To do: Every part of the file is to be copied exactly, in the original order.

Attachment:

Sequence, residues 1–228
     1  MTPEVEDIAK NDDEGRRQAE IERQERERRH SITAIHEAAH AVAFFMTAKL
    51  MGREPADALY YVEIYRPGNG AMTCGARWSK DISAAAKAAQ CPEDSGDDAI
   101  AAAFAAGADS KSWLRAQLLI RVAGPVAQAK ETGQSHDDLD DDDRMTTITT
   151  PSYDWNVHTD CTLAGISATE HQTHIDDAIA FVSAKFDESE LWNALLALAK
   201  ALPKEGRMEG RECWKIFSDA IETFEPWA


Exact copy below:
Sequence, residues 1–228
     1  MTPEVEDIAK NDDEGRRQAE IERQERERRH SITAIHEAAH AVAFFMTAKL
    51  MGREPADALY YVEIYRPGNG AMTCGARWSK DISAAAKAAQ CPEDSGDDAI
   101  AAAFAAGADS KSWLRAQLLI RVAGPVAQAK ETGQSHDDLD DDDRMTTITT
   151  PSYDWNVHTD CTLAGISATE HQTHIDDAIA FVSAKFDESE LWNALLALAK
   201  ALPKEGRMEG RECWKIFSDA IETFEPWA